Suffolk County Officials Expect IRS Decision On Septic Rebate Taxing Within Three Months

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Publication: The East Hampton Press & The Southampton Press
By Greg Wehner   Apr 22, 2019 12:49 PM
Apr 22, 2019 1:32 PM

Suffolk County officials told a standing-room-only crowd at Southampton Town Hall last week that they are optimistic an issue revolving around whether residents will have to pay taxes on grant money received to upgrade their septic systems will be resolved in the next three months.

County Comptroller John Kennedy has said he issued 1099 income tax forms to those who were awarded $10,000 grants from the county out of caution and to ensure the county is not slapped with fines from the IRS for failing to issue the forms.

“We’re scratching our heads on why the separately elected comptroller has taken this step,” Suffolk County Legislator Bridget Fleming told the nearly 50 people in attendance on Monday, April 15, at town hall. “We’re not certain what the motive is. It is not clear, and we’re hoping that we will resolve it.

“John Kennedy is the comptroller. It’s he who makes the decision whether to issue that document or not and he made that decision,” she added.

Residents gathered at Town Hall on April 15 to learn about the rebate programs offered by the county and the Town of Southampton to upgrade old failing septic systems with systems that reduce the amount of nitrogen that gets released into the groundwater and bays.

Also on hand were vendors and contractors to provide information about the systems they work with that have been approved by the Suffolk County Department of Health Services.

Ms. Fleming said there are 360,000 individual septic systems on residential properties throughout Suffolk County and many of them are failing.

“Even at their best, these septic systems do not pull the nitrogen out of the wastewater before it reaches the surface waters and potentially groundwater,” she said.

Failing septic systems have been documented as one of the causes of the downfall of the shellfishing industry on the East End and crippling the health of the bays.

In the 1930s, Ms. Fleming said, Greenport produced 2.5 million bushels of oysters per year, equating to $16 million in product at today’s market value. In the Great South Bay, she added, 6,000 jobs were available for clam harvesters.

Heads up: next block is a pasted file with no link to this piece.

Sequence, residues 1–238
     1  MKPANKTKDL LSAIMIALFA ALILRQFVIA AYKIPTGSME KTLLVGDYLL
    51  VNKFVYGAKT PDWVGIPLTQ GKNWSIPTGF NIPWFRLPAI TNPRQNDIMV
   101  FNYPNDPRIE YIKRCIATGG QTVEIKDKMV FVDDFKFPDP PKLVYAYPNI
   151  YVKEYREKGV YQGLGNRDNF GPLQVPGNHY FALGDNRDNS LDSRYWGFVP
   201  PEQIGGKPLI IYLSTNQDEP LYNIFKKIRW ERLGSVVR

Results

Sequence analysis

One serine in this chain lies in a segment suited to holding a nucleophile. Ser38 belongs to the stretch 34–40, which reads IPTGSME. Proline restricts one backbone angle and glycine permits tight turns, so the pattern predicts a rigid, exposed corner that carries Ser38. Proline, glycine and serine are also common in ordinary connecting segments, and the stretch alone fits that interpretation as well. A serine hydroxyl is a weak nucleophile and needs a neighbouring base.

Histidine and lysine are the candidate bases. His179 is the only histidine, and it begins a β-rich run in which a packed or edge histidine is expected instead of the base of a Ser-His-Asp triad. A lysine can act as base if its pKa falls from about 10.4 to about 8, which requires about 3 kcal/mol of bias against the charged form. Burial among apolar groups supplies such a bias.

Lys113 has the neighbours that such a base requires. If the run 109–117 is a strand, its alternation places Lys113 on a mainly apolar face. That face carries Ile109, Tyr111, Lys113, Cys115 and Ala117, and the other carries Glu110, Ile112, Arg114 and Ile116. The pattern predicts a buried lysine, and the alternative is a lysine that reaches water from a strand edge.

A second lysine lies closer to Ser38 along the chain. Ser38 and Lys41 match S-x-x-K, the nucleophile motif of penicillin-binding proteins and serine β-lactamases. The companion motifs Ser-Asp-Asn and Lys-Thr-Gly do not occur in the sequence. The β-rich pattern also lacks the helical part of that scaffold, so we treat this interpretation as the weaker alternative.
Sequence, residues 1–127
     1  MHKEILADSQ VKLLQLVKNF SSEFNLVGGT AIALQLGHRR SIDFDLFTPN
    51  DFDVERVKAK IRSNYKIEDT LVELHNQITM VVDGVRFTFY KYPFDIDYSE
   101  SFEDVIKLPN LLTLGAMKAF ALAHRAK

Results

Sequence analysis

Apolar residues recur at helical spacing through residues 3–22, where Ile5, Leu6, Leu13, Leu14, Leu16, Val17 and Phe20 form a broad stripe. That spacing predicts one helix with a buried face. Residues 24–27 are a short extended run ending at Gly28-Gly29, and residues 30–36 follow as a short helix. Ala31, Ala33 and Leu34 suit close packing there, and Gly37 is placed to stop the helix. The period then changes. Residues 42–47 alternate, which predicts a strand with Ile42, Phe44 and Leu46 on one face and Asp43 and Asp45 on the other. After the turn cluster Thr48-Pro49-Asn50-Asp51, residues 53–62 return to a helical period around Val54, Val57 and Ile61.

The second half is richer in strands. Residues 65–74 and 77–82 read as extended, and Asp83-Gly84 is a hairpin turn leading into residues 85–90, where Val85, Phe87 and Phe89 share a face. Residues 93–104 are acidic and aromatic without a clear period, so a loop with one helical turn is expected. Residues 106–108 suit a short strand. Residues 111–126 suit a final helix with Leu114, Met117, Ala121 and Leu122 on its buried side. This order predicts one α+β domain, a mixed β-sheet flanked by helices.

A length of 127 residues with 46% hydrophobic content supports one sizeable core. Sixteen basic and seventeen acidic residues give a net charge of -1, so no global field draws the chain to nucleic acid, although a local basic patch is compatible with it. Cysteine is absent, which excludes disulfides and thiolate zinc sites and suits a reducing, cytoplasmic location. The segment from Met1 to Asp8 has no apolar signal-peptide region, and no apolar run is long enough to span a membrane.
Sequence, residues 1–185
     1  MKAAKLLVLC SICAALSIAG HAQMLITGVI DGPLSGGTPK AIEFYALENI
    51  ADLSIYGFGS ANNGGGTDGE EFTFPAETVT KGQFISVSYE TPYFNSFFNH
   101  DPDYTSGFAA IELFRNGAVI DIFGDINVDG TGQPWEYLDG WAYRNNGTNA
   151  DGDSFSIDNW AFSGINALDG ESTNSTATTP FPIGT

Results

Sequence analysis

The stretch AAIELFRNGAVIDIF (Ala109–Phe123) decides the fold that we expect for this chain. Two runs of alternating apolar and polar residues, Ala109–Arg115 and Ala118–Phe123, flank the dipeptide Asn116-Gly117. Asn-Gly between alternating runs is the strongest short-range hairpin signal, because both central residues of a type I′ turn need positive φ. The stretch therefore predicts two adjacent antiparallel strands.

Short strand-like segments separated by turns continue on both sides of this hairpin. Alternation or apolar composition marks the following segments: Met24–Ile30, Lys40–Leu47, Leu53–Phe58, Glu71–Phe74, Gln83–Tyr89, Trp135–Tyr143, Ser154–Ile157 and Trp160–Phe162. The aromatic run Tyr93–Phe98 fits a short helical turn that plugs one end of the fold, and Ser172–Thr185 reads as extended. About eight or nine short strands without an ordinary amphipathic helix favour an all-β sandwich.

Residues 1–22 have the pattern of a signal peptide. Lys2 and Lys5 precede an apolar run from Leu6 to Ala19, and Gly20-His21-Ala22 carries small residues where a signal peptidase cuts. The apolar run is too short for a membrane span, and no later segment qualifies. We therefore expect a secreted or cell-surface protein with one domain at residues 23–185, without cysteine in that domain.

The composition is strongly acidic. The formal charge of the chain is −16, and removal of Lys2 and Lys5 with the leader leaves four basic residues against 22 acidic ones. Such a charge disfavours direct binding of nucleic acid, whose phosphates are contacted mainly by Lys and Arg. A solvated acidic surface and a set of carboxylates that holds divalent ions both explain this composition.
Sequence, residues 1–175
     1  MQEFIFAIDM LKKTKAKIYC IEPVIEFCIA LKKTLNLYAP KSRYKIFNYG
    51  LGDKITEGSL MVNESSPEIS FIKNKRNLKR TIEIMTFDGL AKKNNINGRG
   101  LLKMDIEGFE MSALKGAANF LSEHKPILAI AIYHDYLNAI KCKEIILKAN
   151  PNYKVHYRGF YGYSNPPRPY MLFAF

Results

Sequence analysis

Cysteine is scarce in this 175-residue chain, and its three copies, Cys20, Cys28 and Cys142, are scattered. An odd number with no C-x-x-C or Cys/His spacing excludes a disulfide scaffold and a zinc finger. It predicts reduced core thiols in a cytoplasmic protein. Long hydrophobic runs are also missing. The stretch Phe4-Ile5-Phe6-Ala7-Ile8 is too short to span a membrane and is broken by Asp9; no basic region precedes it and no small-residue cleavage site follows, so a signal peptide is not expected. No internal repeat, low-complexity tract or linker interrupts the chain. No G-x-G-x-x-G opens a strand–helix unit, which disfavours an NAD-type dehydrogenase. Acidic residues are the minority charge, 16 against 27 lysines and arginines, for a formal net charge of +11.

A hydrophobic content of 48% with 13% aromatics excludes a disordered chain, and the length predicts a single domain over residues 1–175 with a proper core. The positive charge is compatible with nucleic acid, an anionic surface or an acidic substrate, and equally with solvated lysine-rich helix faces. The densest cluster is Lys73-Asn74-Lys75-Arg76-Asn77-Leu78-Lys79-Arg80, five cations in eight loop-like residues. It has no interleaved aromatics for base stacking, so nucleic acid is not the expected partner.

But in 1985, the first brown tide appeared, and the market declined.

In an effort to save the bays, the county and East End towns are offering rebates to those who upgrade their septic systems.

“Who knew flushing a toilet would be such a problem?” Southampton Town Supervisor Jay Schneiderman said. “We are providing grants up to $20,000 per system. When you match that with the county program … you could probably pay for the entire system.”

Many people in the Town Board room on Monday were there to find out how to upgrade. Some asked questions about the process and others asked questions about potential constraints, such as the minimum required lot size to get an advanced septic system.

Justin Jobin, an environmental projects coordinator at Suffolk County, said he has seen septic systems installed on lots as small as 2,000 square feet—it all depends on the engineer.

Curiosity about the new systems filled the room, but so did hesitation.

At a time when the rebate program was gaining momentum, Mr. Kennedy’s move to send tax forms to homeowners for the grants they received has resulted in some interested residents backing away from the process, even withdrawing their applications out of concern for the potential tax impact.

Mr. Jobin said the rebate program was modeled after the state of Maryland’s, and it was designed specifically so the money does not get paid to the homeowner. Rather, the homeowner assigns the grant to the installers, who would then be responsible for paying the taxes on the money they receive and report it as income, according to Mr. Jobin.

“The county tax council issued an opinion confirming that the county should issue 1099s to the people who received the money, not the homeowners,” he said. “That’s happened, but the responsibility for generating those forms comes from the Department of Audit and Control.”

Mr. Kennedy, who is an elected official, took a different opinion and issued 1099 forms to the homeowners.

Mr. Jobin said Mr. Kennedy’s move had his department and other county officials scratching their heads, especially after the legal opinion was issued.

Mr. Kennedy has been asked to rescind the 1099 forms that he issued, both Mr. Jobin and Ms. Fleming confirmed, and he has since reached out to the IRS for a ruling.

“The bottom line is, hopefully we’ll have an answer to this and be able to put this to bed within three months,” Mr. Jobin said. “What we’ve done going forward is we’ve confirmed that every installer in the program has confirmed to the county in writing that they are paying taxes and declaring the money they received to the IRS by paying taxes on that money.”

Ms. Fleming echoed Mr. Jobin and said they believe the IRS is crafting a decision.

She added that she is confident that the county will get through this, as the same program has been in place in Maryland for 10 years.

“We’re dealing with it,” Mr. Jobin said. “We’re aware of it and all we can do is get it resolved as quickly as possible.”

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